Fire & Freedom: Reasons To Doubt The Existence of Hell

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This post is not meant to be an extensive analysis of the doctrine of Hell and its history within Christianity. (Sources that do provide a deep dive into this topic are quoted throughout this post, or are otherwise listed at the end.) I’m not a theologian, historian, or priest. I have no “official” credentials, other than a working brain and a curious heart. However, I am someone who was deeply impacted by this teaching, and up until recently, I knew very little about its origins.

I want to share what I have learned with you, as well as offer encouragement to anyone else who may be questioning this troublesome doctrine. Let’s dip our toes into the theological pond together and expose what I believe are some major issues with this teaching as a whole.

It Isn’t “Revelation.” It Developed Over Time.

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It’s hard to pinpoint when I was first taught about Hell. It was always presented as a given whenever matters of salvation and faith were brought up; you had to accept God in this life, or you would suffer eternally. Signed, sealed, delivered. Period. End of story. There were no other options.

But when the origins of Eternal Conscious Torment (ECT) are explored, you start to see that this idea is but one of the possibilities proposed by Christians throughout church history when it came to speculations about the afterlife.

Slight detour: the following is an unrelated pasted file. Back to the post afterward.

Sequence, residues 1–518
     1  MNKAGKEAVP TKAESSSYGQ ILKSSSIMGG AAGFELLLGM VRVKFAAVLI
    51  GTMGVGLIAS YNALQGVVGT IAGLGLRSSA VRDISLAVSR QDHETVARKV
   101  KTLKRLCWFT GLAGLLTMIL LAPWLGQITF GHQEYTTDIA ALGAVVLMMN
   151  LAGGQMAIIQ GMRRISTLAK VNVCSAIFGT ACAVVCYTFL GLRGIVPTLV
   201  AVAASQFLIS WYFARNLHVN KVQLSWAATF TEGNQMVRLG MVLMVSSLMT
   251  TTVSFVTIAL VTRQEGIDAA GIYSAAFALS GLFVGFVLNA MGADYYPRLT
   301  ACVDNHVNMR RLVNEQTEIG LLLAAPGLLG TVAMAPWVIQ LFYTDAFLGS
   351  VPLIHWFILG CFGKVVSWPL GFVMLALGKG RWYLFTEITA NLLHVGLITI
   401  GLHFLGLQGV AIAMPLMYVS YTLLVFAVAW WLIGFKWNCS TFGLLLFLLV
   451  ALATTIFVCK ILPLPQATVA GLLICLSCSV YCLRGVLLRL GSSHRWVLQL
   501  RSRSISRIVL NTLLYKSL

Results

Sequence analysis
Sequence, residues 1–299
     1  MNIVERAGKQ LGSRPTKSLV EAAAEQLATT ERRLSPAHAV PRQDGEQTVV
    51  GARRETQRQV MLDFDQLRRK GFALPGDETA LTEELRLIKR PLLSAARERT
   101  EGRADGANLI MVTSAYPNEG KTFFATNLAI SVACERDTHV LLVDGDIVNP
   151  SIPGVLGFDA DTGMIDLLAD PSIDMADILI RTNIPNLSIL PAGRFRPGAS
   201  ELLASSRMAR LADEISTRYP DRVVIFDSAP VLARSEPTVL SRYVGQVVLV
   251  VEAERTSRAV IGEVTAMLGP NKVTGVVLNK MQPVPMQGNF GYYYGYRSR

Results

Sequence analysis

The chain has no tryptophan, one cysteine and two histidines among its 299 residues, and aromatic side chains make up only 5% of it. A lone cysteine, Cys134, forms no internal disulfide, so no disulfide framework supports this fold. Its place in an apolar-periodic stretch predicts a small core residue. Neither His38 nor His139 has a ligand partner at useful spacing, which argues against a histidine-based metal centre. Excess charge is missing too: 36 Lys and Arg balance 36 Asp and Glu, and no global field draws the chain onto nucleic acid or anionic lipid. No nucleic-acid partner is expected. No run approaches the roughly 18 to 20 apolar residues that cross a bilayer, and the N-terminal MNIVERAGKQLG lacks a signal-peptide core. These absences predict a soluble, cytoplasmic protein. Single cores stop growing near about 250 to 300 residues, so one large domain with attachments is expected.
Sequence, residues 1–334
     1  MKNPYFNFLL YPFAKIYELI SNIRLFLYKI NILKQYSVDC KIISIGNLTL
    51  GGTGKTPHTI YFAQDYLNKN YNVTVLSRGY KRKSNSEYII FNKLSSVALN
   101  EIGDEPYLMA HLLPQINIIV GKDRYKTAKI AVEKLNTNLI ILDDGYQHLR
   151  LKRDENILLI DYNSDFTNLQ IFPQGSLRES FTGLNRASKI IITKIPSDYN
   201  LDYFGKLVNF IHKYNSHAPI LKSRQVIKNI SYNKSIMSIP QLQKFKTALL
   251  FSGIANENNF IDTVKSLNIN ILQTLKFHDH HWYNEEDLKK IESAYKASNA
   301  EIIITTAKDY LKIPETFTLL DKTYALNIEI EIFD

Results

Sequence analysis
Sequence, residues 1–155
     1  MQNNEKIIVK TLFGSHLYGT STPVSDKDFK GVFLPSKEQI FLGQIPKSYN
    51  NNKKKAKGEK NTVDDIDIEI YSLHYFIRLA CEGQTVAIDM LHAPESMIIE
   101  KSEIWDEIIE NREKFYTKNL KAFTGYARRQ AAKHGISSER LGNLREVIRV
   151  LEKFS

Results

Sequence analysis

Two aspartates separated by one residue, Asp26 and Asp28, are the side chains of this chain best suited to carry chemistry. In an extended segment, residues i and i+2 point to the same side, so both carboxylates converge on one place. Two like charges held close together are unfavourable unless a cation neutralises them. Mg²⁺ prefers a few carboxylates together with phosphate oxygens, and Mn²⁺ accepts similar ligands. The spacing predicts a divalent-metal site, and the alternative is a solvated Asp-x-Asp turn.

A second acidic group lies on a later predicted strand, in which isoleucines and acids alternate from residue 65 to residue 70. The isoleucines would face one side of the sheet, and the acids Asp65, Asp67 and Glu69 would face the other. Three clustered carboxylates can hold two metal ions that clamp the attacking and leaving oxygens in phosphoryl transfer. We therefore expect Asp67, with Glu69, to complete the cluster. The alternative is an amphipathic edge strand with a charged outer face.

There were several theological schools which existed in the centuries following Christ. Out of these schools, only one taught the idea of ECT; most of the others believed in Universal Reconciliation (1). The Church fathers who did teach ECT (such as Augustine) did so “by going beyond the biblical statements and adding to them the notion of universal immortality” (6) (an idea which comes from Greek philosophy). In addition to Universal Reconciliation and ECT, there was the theory of annihilationism, which holds that the wicked will not be punished forever; they will simply be destroyed:

“The ultimate penalty for sin itself will be the eternal literal death of soul and body and the eternal loss to immortality. That is what the Bible means by their eternal punishment. It is not the “punishing” that is eternal but, rather, the ‘punishment’…When the Bible talks about eternal judgment, or eternal damnation, or eternal destruction, it’s in reference to the result and not the process.” (7).